“This is a clue that something is going on. The patient will have neck veins jumping up to her ear lobes. The ear lobes are going to wiggle with every heart beat – boom, boom, boom. If you see that, you start to figure out what’s going on. You need nothing else,” Dr. Nishimura said.
The patient will likely also have a pulsatile enlarged liver and, even though this is valve disease, a murmur that’s either soft or inaudible.
Echocardiography will show a dilated right ventricle and right atrium, a dilated inferior vena cava, and a normal left ventricle with no pulmonary hypertension. The classic sign of ISTR on continuous wave Doppler echocardiography is a dagger-shaped tricuspid regurgitation peak velocity signal of less than 2.5 meters/sec, which indicates the absence of pulmonary hypertension. This dagger shape occurs because the right atrial pressure equalizes the right ventricular pressure.
It’s also important to point the echo probe at the hepatic veins to spot another echocardiographic hallmark of ISTR: systolic reversal.
A thorough echo exam makes hemodynamic catheterization unnecessary in these patients, Dr. Nishimura added.
When to refer for tricuspid valve repair or replacement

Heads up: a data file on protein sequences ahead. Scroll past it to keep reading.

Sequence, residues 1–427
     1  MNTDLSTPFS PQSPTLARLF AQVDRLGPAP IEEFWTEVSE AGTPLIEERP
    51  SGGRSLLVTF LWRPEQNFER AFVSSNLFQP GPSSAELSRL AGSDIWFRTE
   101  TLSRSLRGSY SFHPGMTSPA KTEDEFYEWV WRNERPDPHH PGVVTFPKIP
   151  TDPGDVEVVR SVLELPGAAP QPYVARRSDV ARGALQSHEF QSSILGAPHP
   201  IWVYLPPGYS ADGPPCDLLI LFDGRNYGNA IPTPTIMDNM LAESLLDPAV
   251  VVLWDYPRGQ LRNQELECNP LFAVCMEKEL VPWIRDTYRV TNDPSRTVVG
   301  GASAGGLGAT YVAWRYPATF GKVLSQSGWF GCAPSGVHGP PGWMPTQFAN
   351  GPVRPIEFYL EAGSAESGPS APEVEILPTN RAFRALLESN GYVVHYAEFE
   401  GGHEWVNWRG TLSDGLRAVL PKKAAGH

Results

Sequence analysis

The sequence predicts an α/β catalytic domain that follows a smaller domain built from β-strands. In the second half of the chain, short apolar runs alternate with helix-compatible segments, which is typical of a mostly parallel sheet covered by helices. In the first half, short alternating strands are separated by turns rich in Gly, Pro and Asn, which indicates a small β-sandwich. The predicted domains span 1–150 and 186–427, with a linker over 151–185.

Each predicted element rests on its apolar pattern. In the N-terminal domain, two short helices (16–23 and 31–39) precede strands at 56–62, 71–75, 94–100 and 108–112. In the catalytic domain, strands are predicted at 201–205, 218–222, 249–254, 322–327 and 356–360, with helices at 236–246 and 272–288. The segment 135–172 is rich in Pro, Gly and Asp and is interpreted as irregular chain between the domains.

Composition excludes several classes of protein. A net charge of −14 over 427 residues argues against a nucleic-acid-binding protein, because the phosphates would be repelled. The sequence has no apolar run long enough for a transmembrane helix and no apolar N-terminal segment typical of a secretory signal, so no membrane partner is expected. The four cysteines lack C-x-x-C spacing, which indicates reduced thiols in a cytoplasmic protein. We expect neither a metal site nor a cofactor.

The clinical course of ISTR is progressive, often rapidly so. It starts with elevated jugular venous pressure, then comes fatigue and shortness of breath, moving on to ascites and edema, then finally cirrhosis and renal failure. It’s a vicious cycle in which tricuspid regurgitation begets annular dilation, which causes chordal stretching and worsening tricuspid regurgitation, leading to further annular dilation.
Patients typically aren’t referred for surgery – and may not even present to a physician – until they’ve already developed end-stage disease. That’s probably why the outcomes of surgery for ISTR are so poor. Dr. Nishimura was senior investigator of a recent retrospective study of national trends and outcomes for ISTR surgery based on the National Inpatient Sample. The number of operations increased by 250% during a recent 10-year period, but the surgery is still rare: 290 operations in 2004, climbing to 780 nationwide in 2013.
In-hospital mortality remained steady over time at 8.8%, far higher than rates of in-hospital mortality for surgery for aortic and mitral valve disease, which today stand at 1%-2% or less. The adjusted risk of in-hospital mortality for tricuspid valve replacement in patients with ISTR was 1.9-fold greater than for valve repair ().
“I think the reason the operative risk of valve surgery for ISTR is so high is that we’re waiting until patients have end-stage disease,” Dr. Nishimura said.
Indeed, he recommends referral for surgery as soon as the echocardiographic diagnosis of ISTR is made in a patient with huge neck veins.
“This will probably take the operative risk down by going to a time when the right ventricle can still recover,” he added.
In a patient with ISTR and pacemaker or defibrillator leads crossing the valve, tricuspid valve repair or replacement should be accompanied by exteriorization of the leads.
Dr. Nishimura reported having no financial conflicts of interest regarding his presentation.